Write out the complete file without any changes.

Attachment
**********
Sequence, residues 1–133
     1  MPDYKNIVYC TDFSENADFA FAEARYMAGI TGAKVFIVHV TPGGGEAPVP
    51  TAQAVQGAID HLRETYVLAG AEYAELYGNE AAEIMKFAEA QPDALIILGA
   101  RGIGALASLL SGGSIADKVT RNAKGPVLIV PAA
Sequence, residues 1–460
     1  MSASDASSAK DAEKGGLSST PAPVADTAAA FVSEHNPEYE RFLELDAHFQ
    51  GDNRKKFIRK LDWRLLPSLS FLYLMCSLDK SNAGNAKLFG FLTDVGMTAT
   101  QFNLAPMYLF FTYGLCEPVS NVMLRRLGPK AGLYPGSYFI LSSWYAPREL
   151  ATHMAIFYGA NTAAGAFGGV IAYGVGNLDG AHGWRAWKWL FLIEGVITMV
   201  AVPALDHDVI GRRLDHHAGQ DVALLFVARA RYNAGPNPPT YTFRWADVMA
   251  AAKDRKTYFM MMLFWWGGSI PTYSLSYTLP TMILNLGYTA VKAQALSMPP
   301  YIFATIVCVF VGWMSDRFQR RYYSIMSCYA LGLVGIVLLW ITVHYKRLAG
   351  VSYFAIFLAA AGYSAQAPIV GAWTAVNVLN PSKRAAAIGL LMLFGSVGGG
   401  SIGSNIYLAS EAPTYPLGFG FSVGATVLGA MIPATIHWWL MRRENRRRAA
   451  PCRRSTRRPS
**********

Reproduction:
Sequence, residues 1–133
     1  MPDYKNIVYC TDFSENADFA FAEARYMAGI TGAKVFIVHV TPGGGEAPVP
    51  TAQAVQGAID HLRETYVLAG AEYAELYGNE AAEIMKFAEA QPDALIILGA
   101  RGIGALASLL SGGSIADKVT RNAKGPVLIV PAA
Sequence, residues 1–460
     1  MSASDASSAK DAEKGGLSST PAPVADTAAA FVSEHNPEYE RFLELDAHFQ
    51  GDNRKKFIRK LDWRLLPSLS FLYLMCSLDK SNAGNAKLFG FLTDVGMTAT
   101  QFNLAPMYLF FTYGLCEPVS NVMLRRLGPK AGLYPGSYFI LSSWYAPREL
   151  ATHMAIFYGA NTAAGAFGGV IAYGVGNLDG AHGWRAWKWL FLIEGVITMV
   201  AVPALDHDVI GRRLDHHAGQ DVALLFVARA RYNAGPNPPT YTFRWADVMA
   251  AAKDRKTYFM MMLFWWGGSI PTYSLSYTLP TMILNLGYTA VKAQALSMPP
   301  YIFATIVCVF VGWMSDRFQR RYYSIMSCYA LGLVGIVLLW ITVHYKRLAG
   351  VSYFAIFLAA AGYSAQAPIV GAWTAVNVLN PSKRAAAIGL LMLFGSVGGG
   401  SIGSNIYLAS EAPTYPLGFG FSVGATVLGA MIPATIHWWL MRRENRRRAA
   451  PCRRSTRRPS